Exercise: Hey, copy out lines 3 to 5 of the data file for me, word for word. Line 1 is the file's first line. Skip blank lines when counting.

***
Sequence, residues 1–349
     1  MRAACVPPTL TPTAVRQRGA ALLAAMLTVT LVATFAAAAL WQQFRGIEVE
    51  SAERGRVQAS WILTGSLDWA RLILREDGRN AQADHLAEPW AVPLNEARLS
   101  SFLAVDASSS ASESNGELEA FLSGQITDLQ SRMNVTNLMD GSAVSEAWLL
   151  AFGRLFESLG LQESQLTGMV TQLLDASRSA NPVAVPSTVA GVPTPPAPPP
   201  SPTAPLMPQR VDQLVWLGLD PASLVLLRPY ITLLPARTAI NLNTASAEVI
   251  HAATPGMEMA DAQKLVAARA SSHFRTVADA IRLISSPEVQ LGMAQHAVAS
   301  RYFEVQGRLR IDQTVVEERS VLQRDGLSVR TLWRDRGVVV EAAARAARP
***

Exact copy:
    51  SAERGRVQAS WILTGSLDWA RLILREDGRN AQADHLAEPW AVPLNEARLS
   101  SFLAVDASSS ASESNGELEA FLSGQITDLQ SRMNVTNLMD GSAVSEAWLL
   151  AFGRLFESLG LQESQLTGMV TQLLDASRSA NPVAVPSTVA GVPTPPAPPP